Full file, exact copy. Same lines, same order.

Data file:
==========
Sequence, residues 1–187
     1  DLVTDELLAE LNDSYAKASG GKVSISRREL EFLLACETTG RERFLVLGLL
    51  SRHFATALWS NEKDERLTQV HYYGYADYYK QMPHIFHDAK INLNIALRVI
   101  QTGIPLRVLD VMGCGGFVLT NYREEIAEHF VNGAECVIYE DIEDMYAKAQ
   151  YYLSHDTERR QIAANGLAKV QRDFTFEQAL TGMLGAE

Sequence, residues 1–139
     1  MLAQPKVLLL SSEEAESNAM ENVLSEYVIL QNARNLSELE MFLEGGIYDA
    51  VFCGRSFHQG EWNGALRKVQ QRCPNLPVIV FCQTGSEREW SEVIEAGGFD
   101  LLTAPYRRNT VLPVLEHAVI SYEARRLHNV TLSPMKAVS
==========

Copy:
Sequence, residues 1–187
     1  DLVTDELLAE LNDSYAKASG GKVSISRREL EFLLACETTG RERFLVLGLL
    51  SRHFATALWS NEKDERLTQV HYYGYADYYK QMPHIFHDAK INLNIALRVI
   101  QTGIPLRVLD VMGCGGFVLT NYREEIAEHF VNGAECVIYE DIEDMYAKAQ
   151  YYLSHDTERR QIAANGLAKV QRDFTFEQAL TGMLGAE

Sequence, residues 1–139
     1  MLAQPKVLLL SSEEAESNAM ENVLSEYVIL QNARNLSELE MFLEGGIYDA
    51  VFCGRSFHQG EWNGALRKVQ QRCPNLPVIV FCQTGSEREW SEVIEAGGFD
   101  LLTAPYRRNT VLPVLEHAVI SYEARRLHNV TLSPMKAVS